I have spent the last 31 mornings at the gym patiently waiting between sets for the new post for the #31DaysIBPOC blogging challenge organized by Dr.Kim Parker and Tricia Ebarvia, two wonderful educators who I have followed on Twitter and learned from through hashtags like #Disrupttexts. To check out all the amazing post please be sure to check out the site collecting them. Follow those who have written them and allow yourselves to sit in the discomfort as I have.
I always thought I did a great job making all my students feel welcome. I always felt that I was doing my best to provide students with lessons worthy of them. We didn’t make bead work Wampum belts like I saw on pintrest because that is a sacred tradition and not an arts and craft lesson. I didn’t reenact slave trading or play “run away slave” tag like I had seen on other posts as a “great way” to get students engaged in the Underground Railroad. I was aware those things were disrespectful and racist and before reading through these amazing posts I thought I was doing a great job being an ally to those students of colour, to my coworkers who represented a marginalized group. I tried to correct students language and condemn “jokes” that further marginalized group even when no members of those groups were present. Before reading these posts, these 31 heartfelt reflections from brave educators I thought I was doing a great job because I wasn’t a racist. Imagine that as a measure, “I am great because I am not racist” That sounded ridiculous today as I type it and I don’t know if it would have sounded as ridiculous 31 days ago. What this amazing journey for a white educator in predominately white area has taught me is that not being a racist is not enough. We must actively fight racism or as I am “learning the lingo” to really make a difference we as white folks need to be actively anti-racist. I am still earning what that means. I am still working on how to better help my students but because of #31daysIBPOC I have places to start.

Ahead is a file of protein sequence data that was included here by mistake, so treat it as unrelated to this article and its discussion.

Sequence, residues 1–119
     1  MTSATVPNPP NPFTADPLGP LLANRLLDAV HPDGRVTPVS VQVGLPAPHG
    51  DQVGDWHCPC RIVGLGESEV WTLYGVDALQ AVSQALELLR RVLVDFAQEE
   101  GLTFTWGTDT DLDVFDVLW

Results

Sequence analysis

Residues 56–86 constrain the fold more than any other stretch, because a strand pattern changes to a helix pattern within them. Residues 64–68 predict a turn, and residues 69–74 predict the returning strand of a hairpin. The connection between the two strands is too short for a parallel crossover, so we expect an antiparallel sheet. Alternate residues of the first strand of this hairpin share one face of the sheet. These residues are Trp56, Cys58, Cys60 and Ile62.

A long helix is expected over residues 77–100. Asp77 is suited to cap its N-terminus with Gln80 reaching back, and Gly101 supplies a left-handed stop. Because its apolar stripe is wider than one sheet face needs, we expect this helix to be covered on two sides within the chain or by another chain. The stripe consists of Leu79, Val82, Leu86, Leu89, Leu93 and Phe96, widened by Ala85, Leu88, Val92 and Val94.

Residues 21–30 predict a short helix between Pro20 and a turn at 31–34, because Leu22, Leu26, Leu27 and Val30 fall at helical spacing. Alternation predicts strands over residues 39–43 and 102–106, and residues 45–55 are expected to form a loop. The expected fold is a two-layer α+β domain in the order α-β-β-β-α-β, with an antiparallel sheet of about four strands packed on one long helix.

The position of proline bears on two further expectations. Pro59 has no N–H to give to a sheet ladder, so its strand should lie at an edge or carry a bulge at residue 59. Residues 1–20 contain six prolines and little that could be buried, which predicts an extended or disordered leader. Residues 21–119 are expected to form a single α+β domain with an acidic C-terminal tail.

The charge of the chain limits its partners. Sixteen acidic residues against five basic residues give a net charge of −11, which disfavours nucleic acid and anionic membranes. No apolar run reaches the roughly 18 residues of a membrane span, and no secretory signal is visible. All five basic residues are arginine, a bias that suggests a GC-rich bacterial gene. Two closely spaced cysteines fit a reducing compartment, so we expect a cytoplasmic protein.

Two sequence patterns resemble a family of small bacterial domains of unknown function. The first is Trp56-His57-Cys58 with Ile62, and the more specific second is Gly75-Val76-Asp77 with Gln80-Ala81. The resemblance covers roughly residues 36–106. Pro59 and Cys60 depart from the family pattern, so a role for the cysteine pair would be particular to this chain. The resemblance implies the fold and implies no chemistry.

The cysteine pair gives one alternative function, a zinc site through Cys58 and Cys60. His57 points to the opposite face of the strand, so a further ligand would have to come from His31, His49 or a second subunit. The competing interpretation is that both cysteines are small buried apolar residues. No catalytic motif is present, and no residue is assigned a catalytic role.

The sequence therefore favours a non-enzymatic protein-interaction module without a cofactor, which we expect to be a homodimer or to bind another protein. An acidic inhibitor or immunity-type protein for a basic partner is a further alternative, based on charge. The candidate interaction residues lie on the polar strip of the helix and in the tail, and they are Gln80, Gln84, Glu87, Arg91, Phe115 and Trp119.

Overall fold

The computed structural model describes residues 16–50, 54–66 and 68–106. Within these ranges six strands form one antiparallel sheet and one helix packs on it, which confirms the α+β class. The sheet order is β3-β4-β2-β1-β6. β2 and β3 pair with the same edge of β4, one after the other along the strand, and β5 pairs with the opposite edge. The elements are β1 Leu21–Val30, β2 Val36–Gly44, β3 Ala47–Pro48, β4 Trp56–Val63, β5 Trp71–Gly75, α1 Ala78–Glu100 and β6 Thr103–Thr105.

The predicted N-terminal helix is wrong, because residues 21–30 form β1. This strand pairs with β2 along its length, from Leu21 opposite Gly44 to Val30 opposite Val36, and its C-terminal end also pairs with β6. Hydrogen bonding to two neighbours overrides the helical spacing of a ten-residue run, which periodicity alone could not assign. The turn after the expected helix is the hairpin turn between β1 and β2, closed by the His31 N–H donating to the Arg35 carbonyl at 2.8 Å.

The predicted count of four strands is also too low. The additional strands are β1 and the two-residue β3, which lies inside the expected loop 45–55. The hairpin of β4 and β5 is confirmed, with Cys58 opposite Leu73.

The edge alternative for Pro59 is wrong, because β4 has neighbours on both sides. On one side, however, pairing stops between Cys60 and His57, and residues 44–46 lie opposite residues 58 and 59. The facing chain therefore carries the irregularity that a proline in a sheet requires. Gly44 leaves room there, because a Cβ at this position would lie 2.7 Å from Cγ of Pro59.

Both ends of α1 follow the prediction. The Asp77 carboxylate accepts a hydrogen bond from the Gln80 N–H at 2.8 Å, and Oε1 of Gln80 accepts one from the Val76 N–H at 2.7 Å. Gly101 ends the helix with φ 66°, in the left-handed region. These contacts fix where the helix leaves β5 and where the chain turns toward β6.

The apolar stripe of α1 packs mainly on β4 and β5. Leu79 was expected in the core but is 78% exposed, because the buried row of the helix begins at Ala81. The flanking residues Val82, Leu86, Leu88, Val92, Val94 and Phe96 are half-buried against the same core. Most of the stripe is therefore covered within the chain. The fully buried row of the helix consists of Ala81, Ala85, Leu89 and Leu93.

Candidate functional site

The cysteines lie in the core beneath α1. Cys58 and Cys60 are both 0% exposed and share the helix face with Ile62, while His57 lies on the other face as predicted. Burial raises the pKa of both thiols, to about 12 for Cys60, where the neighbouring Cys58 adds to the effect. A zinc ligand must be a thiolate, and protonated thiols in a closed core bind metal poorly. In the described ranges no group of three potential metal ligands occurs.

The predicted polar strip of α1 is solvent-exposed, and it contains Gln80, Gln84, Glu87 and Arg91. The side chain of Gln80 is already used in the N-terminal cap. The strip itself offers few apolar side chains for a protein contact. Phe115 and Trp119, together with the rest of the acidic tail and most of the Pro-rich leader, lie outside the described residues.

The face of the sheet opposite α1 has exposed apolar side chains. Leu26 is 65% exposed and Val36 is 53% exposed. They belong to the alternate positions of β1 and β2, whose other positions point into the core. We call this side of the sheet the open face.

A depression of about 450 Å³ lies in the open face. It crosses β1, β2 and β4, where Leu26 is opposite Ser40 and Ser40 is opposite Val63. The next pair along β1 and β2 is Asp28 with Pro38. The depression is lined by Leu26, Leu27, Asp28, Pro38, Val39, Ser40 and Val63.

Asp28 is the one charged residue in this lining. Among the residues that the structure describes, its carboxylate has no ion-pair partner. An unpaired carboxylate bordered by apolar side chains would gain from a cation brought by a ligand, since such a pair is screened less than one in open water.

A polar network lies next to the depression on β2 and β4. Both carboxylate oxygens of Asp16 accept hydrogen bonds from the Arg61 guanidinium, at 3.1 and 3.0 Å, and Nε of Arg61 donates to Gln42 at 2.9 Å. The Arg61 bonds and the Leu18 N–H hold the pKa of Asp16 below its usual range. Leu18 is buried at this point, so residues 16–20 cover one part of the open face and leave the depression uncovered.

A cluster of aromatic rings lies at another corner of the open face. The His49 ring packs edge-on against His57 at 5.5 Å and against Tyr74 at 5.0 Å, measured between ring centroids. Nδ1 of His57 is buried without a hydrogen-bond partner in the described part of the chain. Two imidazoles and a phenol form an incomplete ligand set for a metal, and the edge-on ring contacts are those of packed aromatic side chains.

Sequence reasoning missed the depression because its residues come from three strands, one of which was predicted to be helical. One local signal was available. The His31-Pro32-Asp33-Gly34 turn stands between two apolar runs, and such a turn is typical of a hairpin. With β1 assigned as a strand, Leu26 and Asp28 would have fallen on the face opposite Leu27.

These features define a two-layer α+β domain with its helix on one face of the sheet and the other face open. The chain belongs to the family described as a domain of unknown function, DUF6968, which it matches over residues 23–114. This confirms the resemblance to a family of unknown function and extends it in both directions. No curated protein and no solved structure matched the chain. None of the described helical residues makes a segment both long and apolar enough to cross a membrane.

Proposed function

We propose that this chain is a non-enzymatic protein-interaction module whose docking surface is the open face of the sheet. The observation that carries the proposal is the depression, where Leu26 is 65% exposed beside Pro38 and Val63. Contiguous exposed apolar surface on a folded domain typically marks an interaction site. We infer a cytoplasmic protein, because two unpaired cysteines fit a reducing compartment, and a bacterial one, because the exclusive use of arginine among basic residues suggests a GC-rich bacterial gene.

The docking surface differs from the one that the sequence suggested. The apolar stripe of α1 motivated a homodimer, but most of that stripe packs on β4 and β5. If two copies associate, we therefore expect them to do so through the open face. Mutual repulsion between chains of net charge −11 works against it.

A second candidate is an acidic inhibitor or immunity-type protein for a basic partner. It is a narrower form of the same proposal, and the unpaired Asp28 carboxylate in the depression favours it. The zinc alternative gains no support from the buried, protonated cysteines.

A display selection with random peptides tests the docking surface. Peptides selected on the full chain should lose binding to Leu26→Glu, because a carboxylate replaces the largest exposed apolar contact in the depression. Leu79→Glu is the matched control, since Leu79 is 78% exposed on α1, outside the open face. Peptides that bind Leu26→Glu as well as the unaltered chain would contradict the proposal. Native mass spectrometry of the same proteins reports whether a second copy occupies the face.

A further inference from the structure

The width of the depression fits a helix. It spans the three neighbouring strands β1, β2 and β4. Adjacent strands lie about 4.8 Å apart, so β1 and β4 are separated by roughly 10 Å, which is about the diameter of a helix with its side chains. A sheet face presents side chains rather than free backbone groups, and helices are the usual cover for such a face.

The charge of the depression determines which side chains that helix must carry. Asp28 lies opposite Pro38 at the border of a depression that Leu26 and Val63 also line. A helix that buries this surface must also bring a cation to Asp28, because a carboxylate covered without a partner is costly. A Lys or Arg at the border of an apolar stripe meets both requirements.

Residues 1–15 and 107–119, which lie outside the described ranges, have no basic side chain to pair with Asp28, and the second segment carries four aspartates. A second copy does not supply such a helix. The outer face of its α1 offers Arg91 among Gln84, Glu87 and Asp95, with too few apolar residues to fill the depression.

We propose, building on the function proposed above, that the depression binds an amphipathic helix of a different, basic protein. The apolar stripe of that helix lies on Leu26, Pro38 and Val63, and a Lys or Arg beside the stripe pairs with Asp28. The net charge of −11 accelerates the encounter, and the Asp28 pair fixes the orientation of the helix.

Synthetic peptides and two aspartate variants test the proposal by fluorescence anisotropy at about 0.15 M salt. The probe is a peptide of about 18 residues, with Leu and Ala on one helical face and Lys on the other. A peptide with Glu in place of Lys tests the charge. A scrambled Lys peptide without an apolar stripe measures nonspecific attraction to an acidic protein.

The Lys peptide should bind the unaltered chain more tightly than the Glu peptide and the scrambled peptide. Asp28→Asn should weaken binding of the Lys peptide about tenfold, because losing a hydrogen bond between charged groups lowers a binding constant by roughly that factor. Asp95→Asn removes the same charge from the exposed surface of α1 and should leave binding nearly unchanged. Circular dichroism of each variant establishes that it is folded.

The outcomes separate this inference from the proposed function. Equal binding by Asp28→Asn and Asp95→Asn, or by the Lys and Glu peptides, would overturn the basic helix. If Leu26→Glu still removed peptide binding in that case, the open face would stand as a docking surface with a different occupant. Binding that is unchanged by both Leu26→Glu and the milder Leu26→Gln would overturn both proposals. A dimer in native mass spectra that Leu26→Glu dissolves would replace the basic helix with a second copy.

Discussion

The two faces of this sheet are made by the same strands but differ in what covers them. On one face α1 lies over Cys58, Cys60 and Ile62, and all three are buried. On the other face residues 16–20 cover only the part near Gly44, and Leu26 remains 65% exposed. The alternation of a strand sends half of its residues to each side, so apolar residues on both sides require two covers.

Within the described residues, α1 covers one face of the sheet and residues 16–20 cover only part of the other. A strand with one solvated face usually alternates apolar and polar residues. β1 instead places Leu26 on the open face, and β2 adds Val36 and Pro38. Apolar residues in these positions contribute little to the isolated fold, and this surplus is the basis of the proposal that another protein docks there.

- I need to get to know all of my students better, especially my students from marginalized communities. This can be IBPOC students but also our students who might be LGTBQ, another group of students who find themselves marginalized in schools and in need of support.
- I need to actively turn time over to the IBPOC educators in meetings when they are present. As a white male educator I don’t tend to need someone to give me time to speak. I take it. I need to take it less. I need to let other voices be heard.
- I need to not ask IBPOC individuals or groups to do the work for me. Asking people to explain how I offended them or how something I might be doing is racist or how I should fix it takes the work off me and puts it on them. I need to hear what is being said and then do the work to fix it. Our actions should serve as a judge of our character not our words. Talk is cheap.
So I go from here. Inspired to be better, inspired to act on behalf of all my students. To bridge the gaps that inequity in education creates. To listen to the powerful voices of IBPOC educators like the brilliant minds of #31DaysIBPOC and others. As I plan for next school year I am already questioning the texts that I plan to use. The assignments and the discussions I plan to explore. If you have not read the posts please start. They are all great. Find them all here and be uplifted. I am so grateful to all the posters for this event and am hoping to continue to learn from them all.